It’s a few weeks since I was last up at Mt Edgcumbe. Camellia season is over, but there are always a few stragglers, some that always manage a few late blooms and a few random things. I set about putting numbers onto the plants in section 5D, European varieties that are part of the Betteley collection. C. japonica ‘Maculata Superba’ had a single almost perfect bloom, that would fall under the random late flowerer category.
When I came to re-attach the label on another plant in the section I spotted a birds nest right in front of me at eye level. It looked like an old one so I felt into it and pulled my hand out pretty quickly as there was something wriggling. I used the camera as a periscope and took this picture of three very young chicks before moving away to allow the parents back. It wasn’t long before a blackbird hen was back on the nest. They wouldn’t have stood a chance in most gardens as it was easily accessible for cats, but I’ve not seen a cat in the park and presumably other predators are relatively few in number.
There are a great many nests in the camellia bushes, especially where they’ve been pruned and clusters of branches have grown back from the same point.
C. japonica ‘Forest Green’ is a regular late flowerer; so much so that in some years a lot of its buds never open at all. This year it seems to have behaved fairly normally but still has a few late blooms dotted about it. Formal double reds account for most of the regular late flowerers in the collection, I have a hunch that in sunnier locations they might behave a bit more normally. I had a plant of ‘Forest Green’ in full sun on my allotment and it flowered profusely in normal camellia season and I have a plant of ‘Eximea’ in my garden which gets much more sun than its parent in the collection, it also blooms normal season. ‘Forest Green’ is noteworthy for its glossy foliage; it is as good as any plant in the collection in this regard.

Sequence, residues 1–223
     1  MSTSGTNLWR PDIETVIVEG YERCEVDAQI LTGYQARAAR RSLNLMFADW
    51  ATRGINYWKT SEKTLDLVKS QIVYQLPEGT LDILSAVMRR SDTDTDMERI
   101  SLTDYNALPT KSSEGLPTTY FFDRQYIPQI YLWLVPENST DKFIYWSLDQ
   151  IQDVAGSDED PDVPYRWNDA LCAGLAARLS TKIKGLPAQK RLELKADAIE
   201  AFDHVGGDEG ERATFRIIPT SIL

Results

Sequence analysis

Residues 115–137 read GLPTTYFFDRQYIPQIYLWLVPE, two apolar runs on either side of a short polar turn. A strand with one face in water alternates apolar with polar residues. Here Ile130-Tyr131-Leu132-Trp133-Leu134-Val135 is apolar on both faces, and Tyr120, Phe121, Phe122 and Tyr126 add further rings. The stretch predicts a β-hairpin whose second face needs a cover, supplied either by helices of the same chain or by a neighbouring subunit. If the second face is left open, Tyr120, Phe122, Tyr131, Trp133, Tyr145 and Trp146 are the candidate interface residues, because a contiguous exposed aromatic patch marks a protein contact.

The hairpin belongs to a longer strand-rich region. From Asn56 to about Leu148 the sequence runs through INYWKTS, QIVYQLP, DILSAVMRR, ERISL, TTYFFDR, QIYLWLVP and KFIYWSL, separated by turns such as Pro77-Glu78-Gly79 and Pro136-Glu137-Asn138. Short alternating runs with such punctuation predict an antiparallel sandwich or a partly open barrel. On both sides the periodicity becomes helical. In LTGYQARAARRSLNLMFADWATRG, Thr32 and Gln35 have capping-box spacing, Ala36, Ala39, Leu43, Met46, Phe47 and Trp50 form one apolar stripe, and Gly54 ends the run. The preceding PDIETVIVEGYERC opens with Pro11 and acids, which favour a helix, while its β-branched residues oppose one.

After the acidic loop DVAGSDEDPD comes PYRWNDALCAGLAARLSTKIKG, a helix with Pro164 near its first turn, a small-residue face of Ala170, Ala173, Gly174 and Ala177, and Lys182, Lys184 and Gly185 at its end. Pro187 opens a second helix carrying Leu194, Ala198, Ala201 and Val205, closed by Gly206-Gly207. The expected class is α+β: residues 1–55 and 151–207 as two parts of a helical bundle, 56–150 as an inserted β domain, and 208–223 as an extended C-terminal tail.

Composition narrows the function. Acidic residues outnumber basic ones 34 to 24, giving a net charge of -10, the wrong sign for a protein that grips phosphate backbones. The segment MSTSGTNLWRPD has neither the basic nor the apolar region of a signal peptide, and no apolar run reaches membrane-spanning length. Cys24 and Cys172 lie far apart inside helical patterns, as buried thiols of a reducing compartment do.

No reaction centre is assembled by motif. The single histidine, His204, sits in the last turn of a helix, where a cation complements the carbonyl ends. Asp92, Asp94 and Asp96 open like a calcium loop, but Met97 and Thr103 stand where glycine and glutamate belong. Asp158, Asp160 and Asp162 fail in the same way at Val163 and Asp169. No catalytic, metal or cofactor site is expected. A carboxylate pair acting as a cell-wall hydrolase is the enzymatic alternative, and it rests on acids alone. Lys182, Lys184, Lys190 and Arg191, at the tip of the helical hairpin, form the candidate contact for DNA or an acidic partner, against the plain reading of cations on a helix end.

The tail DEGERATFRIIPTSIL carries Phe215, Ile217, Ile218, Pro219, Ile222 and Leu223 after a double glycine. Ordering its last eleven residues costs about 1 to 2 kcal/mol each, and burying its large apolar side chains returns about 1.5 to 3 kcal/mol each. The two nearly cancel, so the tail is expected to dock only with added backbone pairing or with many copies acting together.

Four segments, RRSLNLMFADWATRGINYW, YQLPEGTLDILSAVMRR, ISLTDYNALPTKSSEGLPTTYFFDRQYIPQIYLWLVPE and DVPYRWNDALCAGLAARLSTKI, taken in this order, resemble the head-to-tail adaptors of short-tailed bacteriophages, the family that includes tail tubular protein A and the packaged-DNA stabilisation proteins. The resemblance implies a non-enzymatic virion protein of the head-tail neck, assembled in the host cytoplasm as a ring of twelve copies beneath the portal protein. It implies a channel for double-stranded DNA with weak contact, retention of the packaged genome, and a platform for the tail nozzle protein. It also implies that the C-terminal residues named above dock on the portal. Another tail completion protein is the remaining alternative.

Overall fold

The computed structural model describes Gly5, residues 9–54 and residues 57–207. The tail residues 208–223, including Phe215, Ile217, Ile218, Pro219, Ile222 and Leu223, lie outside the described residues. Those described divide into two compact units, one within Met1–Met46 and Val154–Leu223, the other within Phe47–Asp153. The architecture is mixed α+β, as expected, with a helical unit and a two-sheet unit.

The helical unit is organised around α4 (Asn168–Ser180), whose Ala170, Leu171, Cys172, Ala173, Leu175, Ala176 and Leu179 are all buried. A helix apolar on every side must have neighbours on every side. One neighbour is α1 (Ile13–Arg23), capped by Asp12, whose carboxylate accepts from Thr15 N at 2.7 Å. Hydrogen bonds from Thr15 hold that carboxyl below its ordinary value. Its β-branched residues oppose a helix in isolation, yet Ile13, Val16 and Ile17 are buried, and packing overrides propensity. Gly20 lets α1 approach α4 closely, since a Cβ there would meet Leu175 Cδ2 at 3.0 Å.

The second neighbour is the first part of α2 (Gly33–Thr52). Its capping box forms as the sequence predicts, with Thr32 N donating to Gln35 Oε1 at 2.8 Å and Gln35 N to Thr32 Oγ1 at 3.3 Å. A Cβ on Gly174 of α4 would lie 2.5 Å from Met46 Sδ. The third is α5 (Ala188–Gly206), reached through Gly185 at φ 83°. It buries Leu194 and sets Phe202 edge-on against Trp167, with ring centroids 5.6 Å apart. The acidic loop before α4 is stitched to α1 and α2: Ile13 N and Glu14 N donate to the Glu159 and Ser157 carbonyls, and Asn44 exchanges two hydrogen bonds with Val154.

A short way down from ‘Forest Green’ is a group of large bushes that have been pruned back this year. They have been done before and in most cases the pruning cuts this year were made 6 inches to a foot above where they were made on the last occasion, which I would estimate to have been 8-10 years ago. As you can see in theses pictures, the regrowth last time was not thinned, so many shoots grew back from each cut stem. The crowded growth quickly put on height and the bushes were soon back to the size they had been before pruning, only much denser.
Already new shoots are pushing out from the cut stems and it is my intention to only allow a proportion of them to grow. My preference would have been to cut below where they were cut last time, removing the whole cluster of shoots to leave a single big branch, then to thin the shoots that arose from that. Cutting lower constitutes more severe pruning, with attendant risks, and anything below 4-5 feet is liable to be browsed by deer.
In July 2017 a tree came down onto section 1L, completely destroying a couple of the plants there. In Setember 2018, 14 months later, I spotted shoots just starting to grow on a bush of ‘Little Man’. Those shoots, tiny as they were, survived the winter and are now a few inches tall.
The greatest threat now is someone with a strimmer who doesn’t know the plants are there. I don’t want to flag them conspicuously for fear of someone stepping on the shoots while trying to work out what the marker is for. With no marker there is no reason for anyone to go near them. So far the deer have left them alone.